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North Bethesda, MD, United States

Pulse!! The Virtual Clinical Learning Lab at Texas A&M University-Corpus Christi, in collaboration with the United States Navy, has developed a model for research and technological development that they believe is an essential element in the future of military and civilian medical education. The Pulse!! project models a strategy for providing cross-disciplinary expertise and resources to educational, governmental, and business entities challenged with meeting looming health care crises. It includes a three-dimensional virtual learning platform that provides unlimited, repeatable, immersive clinical experiences without risk to patients, and is available anywhere there is a computer. Pulse!! utilizes expertise in the fields of medicine, medical education, computer science, software engineering, physics, computer animation, art, and architecture. Lab scientists collaborate with the commercial virtual-reality simulation industry to produce research-based learning platforms based on cutting-edge computer technology.

OBJECT: Minimal-access transforaminal lumbar interbody fusion (TLIF) has gained popularity as a method of achieving interbody fusion via a posterior-only approach with the aim of minimizing injury to adjacent tissue. While many studies have reported successful outcomes, questions remain regarding the potential learning curve for successfully completing this procedure. The goal of this study, based on a single resident's experience at the only Accreditation Council for Graduate Medical Education-approved neurosurgical training center in the US military, was to determine if there is in fact a significant learning curve in performing a minimal-access TLIF. METHODS: The authors retrospectively reviewed all minimal-access TLIFs performed by a single neurosurgical resident between July 2006 and January 2008. Minimal-access TLIFs were performed using a tubular retractor inserted via a muscle-dilating exposure to limit approach-related morbidity. The accuracy of screw placement and operative times were assessed. RESULTS: A single resident/attending team performed 28 minimal-access TLIF procedures. In total, 65 screws were placed at L-2 (1 screw), L-3 (2 screws), L-4 (18 screws), L-5 (27 screws), and S-1 (17 screws) from the resident's perspective. Postoperative CTs were reviewed to determine the accuracy of screw placement. An accuracy of 95.4% (62 of 65) properly placed screws was noted on postoperative imaging. Two screws (at L-5 in the patient in Case 17 and at S-1 in the patient in Case 9) were lateral, and no revision was needed. One screw (at L-4 in Case 24) was 1 mm medial without symptoms or the need for revision. In evaluating the operative times, 2 deformity cases (Grade III spondylolisthesis) were excluded. The average operating time per level in the remaining 26 cases was 113.25 minutes. The average time per level for the first 13 cases was 121.2 minutes; the amount of time decreased to 105.3 minutes for the second group of 13 cases (p = 0.25). CONCLUSIONS: In summary, minimal-access TLIF can be safely performed in a training environment without a significant complication rate due to the expected learning curve.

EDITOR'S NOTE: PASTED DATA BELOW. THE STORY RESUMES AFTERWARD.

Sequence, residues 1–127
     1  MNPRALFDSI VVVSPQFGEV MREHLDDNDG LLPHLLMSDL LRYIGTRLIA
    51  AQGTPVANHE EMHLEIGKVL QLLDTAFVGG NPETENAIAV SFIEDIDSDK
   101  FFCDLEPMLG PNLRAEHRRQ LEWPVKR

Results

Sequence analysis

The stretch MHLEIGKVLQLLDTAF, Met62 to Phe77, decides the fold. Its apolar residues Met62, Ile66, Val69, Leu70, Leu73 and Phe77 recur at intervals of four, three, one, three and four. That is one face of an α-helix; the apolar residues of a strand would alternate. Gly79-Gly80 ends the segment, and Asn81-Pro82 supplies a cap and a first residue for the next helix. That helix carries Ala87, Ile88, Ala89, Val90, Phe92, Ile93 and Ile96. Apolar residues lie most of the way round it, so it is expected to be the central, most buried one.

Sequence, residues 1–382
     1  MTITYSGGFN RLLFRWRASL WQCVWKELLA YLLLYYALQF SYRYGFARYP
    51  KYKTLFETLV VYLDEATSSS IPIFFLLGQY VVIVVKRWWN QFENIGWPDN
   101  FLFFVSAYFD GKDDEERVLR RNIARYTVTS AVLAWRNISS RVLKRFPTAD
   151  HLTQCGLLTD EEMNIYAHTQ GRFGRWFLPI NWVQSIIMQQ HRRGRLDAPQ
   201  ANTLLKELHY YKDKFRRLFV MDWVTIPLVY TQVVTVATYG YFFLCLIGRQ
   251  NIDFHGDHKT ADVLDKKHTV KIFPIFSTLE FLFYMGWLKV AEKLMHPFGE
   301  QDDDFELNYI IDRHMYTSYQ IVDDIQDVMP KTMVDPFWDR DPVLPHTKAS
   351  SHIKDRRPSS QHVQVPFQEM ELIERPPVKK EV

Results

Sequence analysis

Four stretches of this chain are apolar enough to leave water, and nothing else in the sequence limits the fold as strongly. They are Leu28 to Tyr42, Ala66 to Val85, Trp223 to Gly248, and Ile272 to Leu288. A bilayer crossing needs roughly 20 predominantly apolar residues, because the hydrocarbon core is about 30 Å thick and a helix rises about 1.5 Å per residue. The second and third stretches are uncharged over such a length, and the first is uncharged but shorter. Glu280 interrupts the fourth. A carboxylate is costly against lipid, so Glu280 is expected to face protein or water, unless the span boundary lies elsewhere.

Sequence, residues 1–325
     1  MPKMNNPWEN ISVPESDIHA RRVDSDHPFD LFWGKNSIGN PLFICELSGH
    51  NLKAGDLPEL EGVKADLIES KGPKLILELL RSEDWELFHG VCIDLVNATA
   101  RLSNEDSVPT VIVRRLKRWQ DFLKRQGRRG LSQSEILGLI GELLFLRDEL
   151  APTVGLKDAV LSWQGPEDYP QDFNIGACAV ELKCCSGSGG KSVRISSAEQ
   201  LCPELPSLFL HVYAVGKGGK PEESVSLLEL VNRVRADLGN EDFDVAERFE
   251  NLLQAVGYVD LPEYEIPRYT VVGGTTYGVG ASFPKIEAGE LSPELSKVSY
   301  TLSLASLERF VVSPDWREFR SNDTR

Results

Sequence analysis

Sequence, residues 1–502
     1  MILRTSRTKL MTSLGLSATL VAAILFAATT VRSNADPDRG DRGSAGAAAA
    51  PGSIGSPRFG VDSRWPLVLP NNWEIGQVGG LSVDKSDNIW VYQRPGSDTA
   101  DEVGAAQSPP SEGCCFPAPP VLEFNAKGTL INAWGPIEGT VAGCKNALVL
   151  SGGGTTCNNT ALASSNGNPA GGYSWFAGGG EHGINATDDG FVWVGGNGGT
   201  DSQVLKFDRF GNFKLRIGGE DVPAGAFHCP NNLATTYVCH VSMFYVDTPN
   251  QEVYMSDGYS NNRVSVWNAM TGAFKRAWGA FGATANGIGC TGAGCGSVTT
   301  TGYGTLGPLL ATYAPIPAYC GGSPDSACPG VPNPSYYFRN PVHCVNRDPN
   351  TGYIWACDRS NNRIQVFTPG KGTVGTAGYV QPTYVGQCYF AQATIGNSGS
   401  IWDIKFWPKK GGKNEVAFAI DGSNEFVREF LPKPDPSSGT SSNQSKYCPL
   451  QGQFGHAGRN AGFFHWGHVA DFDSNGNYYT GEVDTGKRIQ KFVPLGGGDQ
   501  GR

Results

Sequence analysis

Etienne M.,National Naval Medical Center
American journal of disaster medicine | Year: 2010